I don’t often use other people’s photos on this blog, but I just had to share some of the coolest macro-work being done, anywhere. Following are some utterly amazing shots courtesy of Thomas Shahan of Oklahoma.
I came into contact with Thomas early this summer, in the course of working on a spider project. After seeing his work, I contacted him and he was very gracious in agreeing to work with our team. You can see a broad range of his photos RIGHT HERE.
Other people have noticed Thomas’s photography, and this attention led to his recent appearance on the Today Show. Check THIS LINK to see it.
Below are a few of Shahan’s stunning images of jumping spiders, one of his favorite subjects. All of these species are among the 76 species of jumping spiders known to occur in Ohio. Enjoy!
A male Habronattus coecatus (most of these spiders haven’t yet been branded with formal common names). Quite the charmer, this little guy. Looks big, ferocious, and deadly, but at the same time just about as cute as a spider can possibly get. Most jumpers are tiny; a big female of some species might push the tape to 3/8 of an inch, and many males would be measured in millimeters.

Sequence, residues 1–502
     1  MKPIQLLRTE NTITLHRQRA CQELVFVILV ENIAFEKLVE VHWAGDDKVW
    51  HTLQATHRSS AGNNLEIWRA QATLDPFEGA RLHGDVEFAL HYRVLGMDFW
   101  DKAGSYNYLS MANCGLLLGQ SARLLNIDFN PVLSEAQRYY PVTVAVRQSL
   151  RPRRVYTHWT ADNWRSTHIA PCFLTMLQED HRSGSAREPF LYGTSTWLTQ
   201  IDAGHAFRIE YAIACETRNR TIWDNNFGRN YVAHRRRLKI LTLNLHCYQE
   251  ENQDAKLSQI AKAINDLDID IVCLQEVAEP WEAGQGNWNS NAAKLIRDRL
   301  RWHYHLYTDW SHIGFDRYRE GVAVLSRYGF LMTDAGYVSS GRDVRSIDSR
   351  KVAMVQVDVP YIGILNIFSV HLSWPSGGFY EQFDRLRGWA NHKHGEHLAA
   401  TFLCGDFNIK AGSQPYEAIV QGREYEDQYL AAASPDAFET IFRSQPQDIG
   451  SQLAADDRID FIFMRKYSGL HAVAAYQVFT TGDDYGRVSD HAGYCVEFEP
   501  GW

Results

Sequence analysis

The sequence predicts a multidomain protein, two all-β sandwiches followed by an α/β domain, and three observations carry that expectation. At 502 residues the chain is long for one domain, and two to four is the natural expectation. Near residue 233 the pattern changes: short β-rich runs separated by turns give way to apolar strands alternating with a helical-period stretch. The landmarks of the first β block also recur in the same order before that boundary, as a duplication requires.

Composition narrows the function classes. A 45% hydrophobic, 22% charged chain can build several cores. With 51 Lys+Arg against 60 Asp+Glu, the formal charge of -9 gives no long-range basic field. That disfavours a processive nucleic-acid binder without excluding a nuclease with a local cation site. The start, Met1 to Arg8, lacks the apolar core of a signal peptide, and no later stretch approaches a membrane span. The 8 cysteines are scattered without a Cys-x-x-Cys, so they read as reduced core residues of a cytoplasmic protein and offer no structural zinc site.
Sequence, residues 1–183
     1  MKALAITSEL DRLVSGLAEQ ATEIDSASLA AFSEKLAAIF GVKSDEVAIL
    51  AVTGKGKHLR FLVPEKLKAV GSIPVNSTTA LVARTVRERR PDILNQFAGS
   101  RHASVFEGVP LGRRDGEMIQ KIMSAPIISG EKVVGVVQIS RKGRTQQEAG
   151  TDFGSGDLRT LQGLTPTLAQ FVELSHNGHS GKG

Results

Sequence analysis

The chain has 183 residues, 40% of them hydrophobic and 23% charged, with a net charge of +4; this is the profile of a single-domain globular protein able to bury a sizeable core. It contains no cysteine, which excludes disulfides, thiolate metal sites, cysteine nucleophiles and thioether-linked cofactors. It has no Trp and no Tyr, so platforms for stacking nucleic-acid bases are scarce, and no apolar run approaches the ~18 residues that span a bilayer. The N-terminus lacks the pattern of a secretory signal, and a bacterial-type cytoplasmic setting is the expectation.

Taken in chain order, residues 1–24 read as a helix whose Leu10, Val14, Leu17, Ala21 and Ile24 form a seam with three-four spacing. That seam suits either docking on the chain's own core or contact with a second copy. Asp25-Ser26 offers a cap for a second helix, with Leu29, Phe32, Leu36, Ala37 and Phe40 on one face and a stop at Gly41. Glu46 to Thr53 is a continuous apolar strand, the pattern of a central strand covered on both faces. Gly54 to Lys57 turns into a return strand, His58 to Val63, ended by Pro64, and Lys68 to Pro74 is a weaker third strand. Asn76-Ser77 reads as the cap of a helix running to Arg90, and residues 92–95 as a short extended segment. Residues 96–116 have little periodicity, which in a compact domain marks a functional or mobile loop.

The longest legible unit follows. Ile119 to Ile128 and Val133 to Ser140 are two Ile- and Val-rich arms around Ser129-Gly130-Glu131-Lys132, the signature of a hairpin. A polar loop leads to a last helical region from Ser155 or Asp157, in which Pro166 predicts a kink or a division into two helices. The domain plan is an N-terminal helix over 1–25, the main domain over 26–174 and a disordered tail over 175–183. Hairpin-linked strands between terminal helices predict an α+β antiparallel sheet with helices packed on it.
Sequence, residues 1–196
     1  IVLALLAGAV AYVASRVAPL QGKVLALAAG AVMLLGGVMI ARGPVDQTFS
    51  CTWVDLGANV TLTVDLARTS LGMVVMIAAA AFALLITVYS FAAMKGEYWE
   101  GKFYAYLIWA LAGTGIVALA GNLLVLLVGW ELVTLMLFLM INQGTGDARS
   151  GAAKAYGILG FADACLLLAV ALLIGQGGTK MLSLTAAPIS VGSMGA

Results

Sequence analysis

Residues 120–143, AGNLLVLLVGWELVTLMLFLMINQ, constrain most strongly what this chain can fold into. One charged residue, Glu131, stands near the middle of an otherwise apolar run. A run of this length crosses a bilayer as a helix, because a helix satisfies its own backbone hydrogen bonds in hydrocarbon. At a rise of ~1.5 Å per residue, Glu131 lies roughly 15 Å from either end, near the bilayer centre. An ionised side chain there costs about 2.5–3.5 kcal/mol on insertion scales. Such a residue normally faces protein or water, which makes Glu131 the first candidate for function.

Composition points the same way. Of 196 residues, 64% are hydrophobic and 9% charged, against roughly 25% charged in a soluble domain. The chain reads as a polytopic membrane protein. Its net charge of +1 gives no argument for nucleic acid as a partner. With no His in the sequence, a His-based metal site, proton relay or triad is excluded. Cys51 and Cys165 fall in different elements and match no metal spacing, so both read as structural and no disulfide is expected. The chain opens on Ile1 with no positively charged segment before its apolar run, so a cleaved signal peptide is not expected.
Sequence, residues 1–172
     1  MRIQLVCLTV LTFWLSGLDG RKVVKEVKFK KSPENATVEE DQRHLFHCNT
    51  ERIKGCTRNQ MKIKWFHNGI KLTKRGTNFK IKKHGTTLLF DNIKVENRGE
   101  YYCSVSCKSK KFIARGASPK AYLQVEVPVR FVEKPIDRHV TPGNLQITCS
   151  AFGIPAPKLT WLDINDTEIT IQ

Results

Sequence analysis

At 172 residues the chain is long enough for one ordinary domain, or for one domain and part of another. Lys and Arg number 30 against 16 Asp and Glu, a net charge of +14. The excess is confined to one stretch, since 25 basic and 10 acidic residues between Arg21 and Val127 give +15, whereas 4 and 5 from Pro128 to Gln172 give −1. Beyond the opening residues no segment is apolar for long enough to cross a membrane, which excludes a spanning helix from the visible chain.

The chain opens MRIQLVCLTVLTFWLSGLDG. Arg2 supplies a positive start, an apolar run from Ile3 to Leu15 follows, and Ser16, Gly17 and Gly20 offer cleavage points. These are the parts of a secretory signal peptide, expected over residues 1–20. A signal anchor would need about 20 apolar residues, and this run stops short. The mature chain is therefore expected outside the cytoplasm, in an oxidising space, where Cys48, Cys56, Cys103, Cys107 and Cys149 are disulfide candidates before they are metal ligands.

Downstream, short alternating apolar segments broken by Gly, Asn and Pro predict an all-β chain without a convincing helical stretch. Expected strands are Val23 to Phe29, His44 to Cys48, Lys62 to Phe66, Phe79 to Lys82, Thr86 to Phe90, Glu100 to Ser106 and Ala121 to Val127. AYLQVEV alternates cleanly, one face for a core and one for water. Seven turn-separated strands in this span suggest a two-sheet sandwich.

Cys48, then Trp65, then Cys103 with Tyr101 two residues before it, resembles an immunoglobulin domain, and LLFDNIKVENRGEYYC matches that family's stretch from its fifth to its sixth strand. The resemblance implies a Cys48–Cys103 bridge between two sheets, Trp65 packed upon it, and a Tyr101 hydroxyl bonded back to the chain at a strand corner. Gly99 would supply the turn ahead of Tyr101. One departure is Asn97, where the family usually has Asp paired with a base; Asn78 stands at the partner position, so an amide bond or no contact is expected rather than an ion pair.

They are ferocious predators, albeit on a Lilliputian scale. Good thing for us they aren’t the size of German Shepherds or we’d have a situation straight out of Eight Legged Freaks!
Jumping spiders are aptly named. They locomote with incredible springy bounds, and when suitable prey is detected, it'll be leaped upon, often from a good distance away. Some jumpers can reportedly make leaps of up to 80 times the length of their body! To match this feat, a six-foot tall person would have to be able to jump something like 500 feet - from a standing start!
Another amazing thing about jumping spiders is their ability to retain the exact location of prey, even when it isn't in view. This allows the spider to stalk prey, and work into an optimal position for pouncing, without having to constantly keep the victim to be in sight. Jumpers can even leap from a blind spot, and apparently still strike with deadly accuracy.
Work such as this is not only interesting to look at, and quite artistic, it goes a long ways towards getting people interested in spiders - one of the most maligned groups of animals.